If you're looking for a new career with room to grow, heating, ventilation, and air conditioning (HVAC) is a field to seriously consider. According to the United States Bureau of Labor Statistics (BLS), jobs in the HVAC trades are expected to grow at a much faster than average rate between 2016 and 2026. If you want a career in the HVAC field, take a look at what you should consider first.
Do You Have Time to Devote to Training?
HVAC technicians are skilled trades-people. While some career paths require a few classes or brief periods of on-the-job training, HVAC training is a much more in-depth educational process. You'll need to devote time to classroom instruction as well as hands-on training.
Along with training before you become a technician, you'll need to participate in continuing education throughout your career. Professional development classes, workshops, and activities give an existing HVAC technician new skills and help them to fine tune the ones they already have. Continuing education also provides technicians with the chance to learn about new technology and new techniques.
Even though the training that an HVAC career takes may seem time consuming, it helps to ensure that you're the best professional possible.
Do You Have a Driver's License?
While driving isn't a primary part of the job, many HVAC technicians need to drive a company van or truck from one job to the next — especially if you work in the residential repair sector. Start your career off with a valid driver’s license to make the difference between getting hired right away and having to wait for a job that doesn't require the use of a car, van, or truck.
If you don't have a driver's license, consider whether you're willing to get one. Along with this consideration, ask yourself how much time you have to get your license. Coordinating your driver's licensing time table with your HVAC education allows you to sync the two up and prepare for every aspect of your career.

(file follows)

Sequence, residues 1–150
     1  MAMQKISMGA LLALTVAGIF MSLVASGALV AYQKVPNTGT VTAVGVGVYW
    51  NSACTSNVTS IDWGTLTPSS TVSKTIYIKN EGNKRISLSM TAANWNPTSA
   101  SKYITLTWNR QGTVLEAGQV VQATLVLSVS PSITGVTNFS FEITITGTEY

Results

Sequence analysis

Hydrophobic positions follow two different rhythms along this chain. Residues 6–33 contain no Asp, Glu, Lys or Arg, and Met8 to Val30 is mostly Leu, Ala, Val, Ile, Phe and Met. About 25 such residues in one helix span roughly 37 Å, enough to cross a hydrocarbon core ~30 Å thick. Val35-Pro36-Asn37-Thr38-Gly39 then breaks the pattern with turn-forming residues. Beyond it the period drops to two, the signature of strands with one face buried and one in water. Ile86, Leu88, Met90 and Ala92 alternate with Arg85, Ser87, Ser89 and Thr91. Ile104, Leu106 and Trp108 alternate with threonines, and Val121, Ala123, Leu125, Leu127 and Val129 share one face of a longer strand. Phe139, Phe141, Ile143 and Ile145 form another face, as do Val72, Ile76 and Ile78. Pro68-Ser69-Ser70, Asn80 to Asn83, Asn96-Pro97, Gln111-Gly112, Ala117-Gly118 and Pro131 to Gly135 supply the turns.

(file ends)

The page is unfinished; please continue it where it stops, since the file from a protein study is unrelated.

Do You Have Clearances/Background Checks?
Not every HVAC job will require a criminal or federal background check. But working in some residential settings, schools, hospitals, or other similar environments may require a background check. Jobs in these areas may require you to work around children or other populations seen as sensitive. This makes having a criminal clearance a bonus and, in some cases, a necessity.
You can apply for background checks/clearances before completing your training program. Each state's application process differs. In most states, a government agency (such as the state welfare or human services department) handles this type of check.
Do You Enjoy Working With People?
An HVAC job may not initially seem like a career that requires constant interpersonal communication. But along with making repairs and installing new equipment, you may also need to interact with customers or your co-workers often. If you don't feel comfortable with or around other people, this is a skill to work on before completing an HVAC educational program.
Do You Enjoy Working Independently?
It may seem like working with people and working independently are opposites — they're not. As an HVAC technician, you need to talk to and communicate with other people. But the actual work (evaluating equipment, installing equipment, and making repairs) is often a solo effort. This requires a sense of independence in operation. If you enjoy working without a boss or manager constantly looking over your shoulder, this is a job for you.
Are you ready to start your journey in the growing HVAC field? Contact us at DeHart Technical School for more information and career options.